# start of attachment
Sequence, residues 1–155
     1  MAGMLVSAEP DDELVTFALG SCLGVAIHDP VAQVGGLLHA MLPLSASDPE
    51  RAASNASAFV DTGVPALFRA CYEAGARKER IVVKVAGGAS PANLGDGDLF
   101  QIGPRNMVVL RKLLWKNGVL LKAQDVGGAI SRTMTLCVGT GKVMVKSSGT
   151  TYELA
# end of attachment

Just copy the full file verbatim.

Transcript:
Sequence, residues 1–155
     1  MAGMLVSAEP DDELVTFALG SCLGVAIHDP VAQVGGLLHA MLPLSASDPE
    51  RAASNASAFV DTGVPALFRA CYEAGARKER IVVKVAGGAS PANLGDGDLF
   101  QIGPRNMVVL RKLLWKNGVL LKAQDVGGAI SRTMTLCVGT GKVMVKSSGT
   151  TYELA